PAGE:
Hello Marie Kondo. Folding my clothes into teeny-tiny rows does not spark joy. Dancing around my spare room surrounded by floor-to-ceiling binbags does not spark joy. Having to ask “does this spark joy” everytime I touch anything I own does not spark joy. But do you know what does spark joy? Travel. And sometimes it’s the smallest things. Here are five of my favourite travel moments that spark joy and make me all warm and fuzzy inside when I think of them.
This post may contain affiliate links. This means if you purchase anything from a site after clicking on my link, I earn a few pennies at no extra expense to you! Please read my disclosure for more info
It had been a soggy start to our trip to Salzburg. Greeted by a deluge of rain, our first Austrian purchases are two I HEART Salzburg umbrellas. But visiting Salzburg has been Ma Lee’s dream since she was a little girl, so we’re not going to let a little thing like rainfall of biblical proportions put us off exploring the city. The puddles gather on Getreidegasse, making us skip around them as if we are in some sort of Austrian musical.
I refer to my itinerary. Yes, those were the days when I used to carry around a laminated copy of the day’s activities. I’m a little more fluid with our itineraries these days, mainly due to the prevalence of WiFi. But back in the heady days of 2014, WiFi wasn’t a given. My itinerary, now slightly soggy, suggests that we see Salzburg in all it’s early evening sunlit glory from above. Yes, those were the days when I was an optimist.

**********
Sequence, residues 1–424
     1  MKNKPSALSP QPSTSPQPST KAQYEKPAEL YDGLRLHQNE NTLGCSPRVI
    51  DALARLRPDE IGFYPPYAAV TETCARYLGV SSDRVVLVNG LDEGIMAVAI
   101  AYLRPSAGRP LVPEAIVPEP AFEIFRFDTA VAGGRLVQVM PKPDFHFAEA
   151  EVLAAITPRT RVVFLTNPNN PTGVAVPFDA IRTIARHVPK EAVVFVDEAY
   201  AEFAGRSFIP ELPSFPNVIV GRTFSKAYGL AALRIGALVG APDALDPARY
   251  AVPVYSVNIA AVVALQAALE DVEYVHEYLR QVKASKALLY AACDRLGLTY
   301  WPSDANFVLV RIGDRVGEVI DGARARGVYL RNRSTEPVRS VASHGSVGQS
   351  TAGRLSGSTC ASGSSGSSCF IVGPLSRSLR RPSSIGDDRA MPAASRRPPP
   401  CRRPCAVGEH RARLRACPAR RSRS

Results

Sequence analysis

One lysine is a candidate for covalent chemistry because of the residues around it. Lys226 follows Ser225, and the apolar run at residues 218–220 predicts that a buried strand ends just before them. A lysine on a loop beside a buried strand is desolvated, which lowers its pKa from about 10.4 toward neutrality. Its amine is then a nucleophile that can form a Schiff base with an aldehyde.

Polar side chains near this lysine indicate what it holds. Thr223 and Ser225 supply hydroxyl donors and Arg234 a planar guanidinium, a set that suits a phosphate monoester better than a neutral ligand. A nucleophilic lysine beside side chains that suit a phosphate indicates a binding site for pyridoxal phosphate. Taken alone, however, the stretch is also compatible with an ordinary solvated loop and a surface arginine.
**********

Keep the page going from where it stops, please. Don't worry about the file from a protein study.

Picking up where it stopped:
Mr Fletche and I head to the Monchsberg elevator, Ma and Pa Lee in tow. We hand over 8 euros and we’re whisked through the seemingly solid rock face to Humboldt Terrace. I swear I can hear the faint opening notes of “Do-Re-Mi”. Despite the mist and the drizzle, and the raindrops dripping from my hood, down my nose and disappearing somewhere into my coat, it is a spectacular, postcard vista. Salzburg from above is truly beautiful. I don’t have to ask Ma Lee if she feels the same. I can see it in her face, in her glassy eyes, and by the fact that for once, Ma Lee is totally and utterly silent. Dreams do come true.
Italy. The land of good food and good wine. We had drank our body weight in Aperol Spritz since landing in Milan and ate cicchetti with every drink. I had overcome my melted cheese phobia and embraced the pizza with gusto. Gelato became one of our five a day (gelato is a fruit right?). A litre of wine with every meal became the norm. Including breakfast. And in beautiful Cinque Terre, we had our pick of fish and seafood, fresh from the Ligurian Sea.